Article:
No10 officers feared 'snooping' accusations if they acted on partygate, ex-top cop says

25 January 2022, 14:43

By Seán Hickey

The former Deputy Assistant Commissioner at the Met suggests that No.10 police didn't investigate partygate as it would be seen as 'snooping' on their principals.

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Boris Johnson welcomed a Met police investigation into alleged rule-breaking parties at Downing Street, in the wake of revelations that the PM hosted a birthday party during the first lockdown.

Shelagh Fogarty spoke to Stephen Roberts, former Deputy Assistant Commissioner at the Metropolitan Police to understand what could emerge from the investigation. She asked about the duty of Downing Street officers.

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If Downing Street officers "saw parties happening and said nothing and did nothing, would that be a relevant thing to bring forward for full investigation?" She wondered. Mr Roberts confirmed that it would.

"Would their failure to do so at the time, if that were the case...be a disciplinary matter within the police?"

Read more: 'Why was his designer there?' Nick Ferrari grills minister over PM's birthday bash

"It's a very difficult issue, this one." The former Met chief began.

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"The role of the police officers both uniformed and plain-clothed around Downing Street is to protect both the premises and more importantly the people within those premises, the Prime Minister above all."

"If you're in protection are you not meant to pay attention to anything other than the protection of that person?" Shelagh pressed. "It's always a judgement call at the time" Mr Roberts replied.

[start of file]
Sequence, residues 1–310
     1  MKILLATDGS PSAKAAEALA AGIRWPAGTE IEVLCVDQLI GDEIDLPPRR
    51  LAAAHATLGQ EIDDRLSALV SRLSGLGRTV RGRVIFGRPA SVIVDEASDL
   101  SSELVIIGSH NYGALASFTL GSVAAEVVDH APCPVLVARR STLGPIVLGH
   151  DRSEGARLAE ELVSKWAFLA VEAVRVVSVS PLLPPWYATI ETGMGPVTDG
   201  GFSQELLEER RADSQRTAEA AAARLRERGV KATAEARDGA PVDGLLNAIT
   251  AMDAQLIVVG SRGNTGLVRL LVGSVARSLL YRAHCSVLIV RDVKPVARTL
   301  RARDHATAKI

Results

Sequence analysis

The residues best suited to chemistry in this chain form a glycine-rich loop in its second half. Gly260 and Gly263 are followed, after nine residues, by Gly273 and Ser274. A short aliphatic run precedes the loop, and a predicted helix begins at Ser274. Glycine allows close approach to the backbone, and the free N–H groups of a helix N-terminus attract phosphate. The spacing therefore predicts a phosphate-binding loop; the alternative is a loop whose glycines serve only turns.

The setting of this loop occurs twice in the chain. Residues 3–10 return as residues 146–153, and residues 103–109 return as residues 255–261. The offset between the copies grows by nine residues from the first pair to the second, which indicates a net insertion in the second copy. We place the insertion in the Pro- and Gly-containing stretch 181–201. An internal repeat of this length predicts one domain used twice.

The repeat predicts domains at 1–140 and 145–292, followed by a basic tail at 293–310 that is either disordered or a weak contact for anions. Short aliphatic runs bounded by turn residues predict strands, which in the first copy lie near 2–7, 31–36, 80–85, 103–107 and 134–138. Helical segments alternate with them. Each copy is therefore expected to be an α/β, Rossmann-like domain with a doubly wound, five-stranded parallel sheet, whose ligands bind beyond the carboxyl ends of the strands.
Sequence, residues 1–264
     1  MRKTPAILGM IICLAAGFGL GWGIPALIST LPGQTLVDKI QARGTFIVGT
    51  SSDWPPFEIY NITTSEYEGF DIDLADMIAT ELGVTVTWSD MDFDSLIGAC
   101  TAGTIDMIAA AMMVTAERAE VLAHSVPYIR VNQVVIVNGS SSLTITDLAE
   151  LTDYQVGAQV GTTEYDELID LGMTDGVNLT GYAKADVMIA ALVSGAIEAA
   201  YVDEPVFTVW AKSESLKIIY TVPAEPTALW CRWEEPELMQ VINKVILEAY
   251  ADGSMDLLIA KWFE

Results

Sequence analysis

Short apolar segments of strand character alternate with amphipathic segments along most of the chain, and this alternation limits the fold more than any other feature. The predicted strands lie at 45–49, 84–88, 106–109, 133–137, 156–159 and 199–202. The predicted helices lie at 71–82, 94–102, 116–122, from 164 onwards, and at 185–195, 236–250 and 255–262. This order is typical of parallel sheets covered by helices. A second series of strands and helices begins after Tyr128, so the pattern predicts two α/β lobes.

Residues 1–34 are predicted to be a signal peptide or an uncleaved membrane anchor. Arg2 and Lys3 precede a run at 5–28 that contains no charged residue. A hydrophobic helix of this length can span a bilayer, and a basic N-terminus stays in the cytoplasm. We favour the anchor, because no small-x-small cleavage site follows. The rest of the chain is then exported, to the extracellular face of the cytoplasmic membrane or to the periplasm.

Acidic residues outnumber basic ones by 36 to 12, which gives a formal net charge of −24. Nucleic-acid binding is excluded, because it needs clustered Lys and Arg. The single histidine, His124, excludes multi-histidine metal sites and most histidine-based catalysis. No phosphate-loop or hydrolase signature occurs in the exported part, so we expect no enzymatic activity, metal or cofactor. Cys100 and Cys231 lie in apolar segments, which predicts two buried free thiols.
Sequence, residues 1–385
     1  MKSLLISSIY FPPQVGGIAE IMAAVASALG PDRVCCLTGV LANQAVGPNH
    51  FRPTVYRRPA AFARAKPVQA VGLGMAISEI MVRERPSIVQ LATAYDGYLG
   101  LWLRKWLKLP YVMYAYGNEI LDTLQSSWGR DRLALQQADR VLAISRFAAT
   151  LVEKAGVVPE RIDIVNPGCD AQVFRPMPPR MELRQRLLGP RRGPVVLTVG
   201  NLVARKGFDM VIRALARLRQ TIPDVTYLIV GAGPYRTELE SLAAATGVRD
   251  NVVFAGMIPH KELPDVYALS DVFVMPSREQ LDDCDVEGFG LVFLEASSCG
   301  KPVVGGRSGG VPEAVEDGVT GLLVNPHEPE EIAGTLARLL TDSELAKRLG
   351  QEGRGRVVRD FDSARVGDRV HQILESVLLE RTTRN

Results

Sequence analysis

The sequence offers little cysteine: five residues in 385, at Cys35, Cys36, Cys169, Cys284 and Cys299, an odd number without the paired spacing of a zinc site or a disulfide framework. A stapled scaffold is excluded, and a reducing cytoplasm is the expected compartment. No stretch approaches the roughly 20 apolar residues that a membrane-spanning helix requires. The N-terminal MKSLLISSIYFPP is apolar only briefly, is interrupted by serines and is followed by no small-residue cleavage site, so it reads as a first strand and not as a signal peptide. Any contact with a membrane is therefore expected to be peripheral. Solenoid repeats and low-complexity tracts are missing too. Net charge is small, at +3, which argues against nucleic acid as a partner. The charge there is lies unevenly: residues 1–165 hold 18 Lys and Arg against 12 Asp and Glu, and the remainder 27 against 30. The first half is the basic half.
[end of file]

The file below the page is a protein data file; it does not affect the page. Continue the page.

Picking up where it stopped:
Read more: James O'Brien's ferocious assessment of Downing Street party saga

He went on to say that if a protection officer or the officers on the door of Downing Street "are seen to be snooping on their principals, then those principals will have less trust in them...to do their primary role."

Shelagh contested his comments: "It's not quite snooping to respond to what's happening around you."

"It may be seen the same as snooping by the principals who are there to be protected" he clarified. "Police officers will as always have discretion about how they deal with minor breaches of the law."

The former Met chief concluded by telling Shelagh it's "always going to be a judgement call and it's never going to be an easy judgement call, I'm afraid."

Sue Gray's investigation into Downing Street parties will not be published in full until the Met's investigation comes to an end.

The Civil Servant was set to publish her findings this week before Dame Cressida declared the Met's intention to launch investigations.

Speaking to the House of Commons the Prime Minister said: "So I welcome the Met's decision to conduct its own investigation because I believe this will help to give the public the clarity it needs and help to draw a line under matters."

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